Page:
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EDITORIAL: Unpaid internships only help privileged students get farther ahead

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With summer quickly approaching, college students are scrambling to secure competitive internships in their fields, and also settling for internships that will at least give them some experience. Some college degrees require the completion of an internship in order to graduate from the program, but the unfortunate reality is that, for many, internships are a disguise for unpaid, full-time work. Internships that require a student to move to a different city for months, requiring the student to work 40-hour work weeks, are almost unattainable for students without financially secure families.

While internships are credited as a crucial part of the college experience, these unpaid opportunities give students of privilege a significant leg-up over students of different socioeconomic backgrounds.

This issue came to the foreground of public discourse in 2011, when two interns filed a lawsuit against the creators of the “Black Swan” film.

“It’s an institutionalized form of wage theft,” Eric Glatt, one of the plaintiffs who has since helped form an Occupy-inspired group called Intern Labor Rights, told the New York Times.

The U.S. Department of Labor does have a list of certain standards internship programs have to meet in order to qualify as unpaid, which has since been updated to seven standards in January.

These standards include ensuring the internship is educational and also that the intern’s work complements the other employees’ work, rather than displaces it. While these are nice measures, the system is open to arbitrary interpretation of these requirements.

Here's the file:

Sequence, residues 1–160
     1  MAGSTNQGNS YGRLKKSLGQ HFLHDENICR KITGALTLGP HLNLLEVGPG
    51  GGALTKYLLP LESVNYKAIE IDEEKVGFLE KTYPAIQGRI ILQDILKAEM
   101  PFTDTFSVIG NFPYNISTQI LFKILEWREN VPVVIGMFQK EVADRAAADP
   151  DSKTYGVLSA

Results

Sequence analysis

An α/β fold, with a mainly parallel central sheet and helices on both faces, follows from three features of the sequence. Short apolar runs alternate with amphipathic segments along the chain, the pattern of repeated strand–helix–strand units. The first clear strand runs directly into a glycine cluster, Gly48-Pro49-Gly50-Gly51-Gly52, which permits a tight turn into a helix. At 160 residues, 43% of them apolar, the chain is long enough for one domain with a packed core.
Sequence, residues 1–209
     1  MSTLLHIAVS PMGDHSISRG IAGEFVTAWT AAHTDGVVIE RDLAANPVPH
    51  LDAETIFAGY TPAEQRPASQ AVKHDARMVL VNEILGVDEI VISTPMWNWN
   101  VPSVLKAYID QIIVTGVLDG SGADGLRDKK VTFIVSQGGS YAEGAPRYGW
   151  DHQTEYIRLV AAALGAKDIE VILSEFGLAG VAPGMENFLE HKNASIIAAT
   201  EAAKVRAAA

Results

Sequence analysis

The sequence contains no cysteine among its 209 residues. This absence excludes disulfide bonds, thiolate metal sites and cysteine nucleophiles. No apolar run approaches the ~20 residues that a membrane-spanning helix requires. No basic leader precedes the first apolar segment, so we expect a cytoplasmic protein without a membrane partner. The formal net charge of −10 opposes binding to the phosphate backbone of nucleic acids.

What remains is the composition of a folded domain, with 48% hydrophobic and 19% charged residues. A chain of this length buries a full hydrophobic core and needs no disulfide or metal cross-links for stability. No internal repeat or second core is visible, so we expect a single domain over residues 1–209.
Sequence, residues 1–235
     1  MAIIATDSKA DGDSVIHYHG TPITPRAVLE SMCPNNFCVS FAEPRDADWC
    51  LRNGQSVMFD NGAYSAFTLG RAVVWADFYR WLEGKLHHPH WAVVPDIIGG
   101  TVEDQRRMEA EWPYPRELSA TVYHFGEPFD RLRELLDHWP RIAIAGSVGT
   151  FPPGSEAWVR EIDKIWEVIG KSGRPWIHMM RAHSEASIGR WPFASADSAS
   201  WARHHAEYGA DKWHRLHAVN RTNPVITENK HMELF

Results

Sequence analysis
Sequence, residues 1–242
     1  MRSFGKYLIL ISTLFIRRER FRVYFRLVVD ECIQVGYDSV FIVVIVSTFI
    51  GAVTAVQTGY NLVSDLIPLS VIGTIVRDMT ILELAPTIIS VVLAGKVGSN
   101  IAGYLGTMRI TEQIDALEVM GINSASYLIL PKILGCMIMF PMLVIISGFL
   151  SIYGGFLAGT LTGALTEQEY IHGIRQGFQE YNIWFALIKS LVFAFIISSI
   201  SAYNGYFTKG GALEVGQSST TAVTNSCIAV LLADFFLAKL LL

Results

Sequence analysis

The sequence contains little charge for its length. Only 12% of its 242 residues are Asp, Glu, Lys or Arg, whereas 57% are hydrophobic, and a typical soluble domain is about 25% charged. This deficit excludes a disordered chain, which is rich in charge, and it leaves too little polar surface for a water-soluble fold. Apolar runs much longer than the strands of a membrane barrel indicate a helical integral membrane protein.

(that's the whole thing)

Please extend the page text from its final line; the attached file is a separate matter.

Unpaid internships are also costly to students, with CNBC’s Abigail Hess calculating that a summer internship in the nation’s larger cities with the highest intern populations, could cost a student close to $13,000.

“The cost of undertaking an internship means young people from low-income families are effectively being blocked from entering some careers, hampering social mobility and reinforcing existing divides,” wrote Forbes contributor Nick Morrison.

For a country that boasts its “American Dream” as a national value that a combination of education and hard work opens doors for social mobility regardless of class, gender or race, it is becoming increasingly clear that the current institution favors students who come from wealthier, top-tier families. The American dream for some is more like an American nightmare.

A common argument for unpaid internships is that they lead to full-time employment at the company, but according to data collected by the National Association of Colleges and Employers, this is unfortunately often not the case.

“They found that 63.1 percent of students with a paid internship under their belt had received at least one job offer,” wrote Jordan Weissman for The Atlantic. “But only 37 percent of former unpaid interns could say the same – a negligible 1.8 percentage points more than students who had never interned.”

Young professionals are racing to get their foot in the door of the modern American economy, and they are willing to sacrifice their time and money in order to do so, providing free labor to companies in the process.

If companies value fresh ideas and a diverse workforce, they should be willing to invest in qualified interns.

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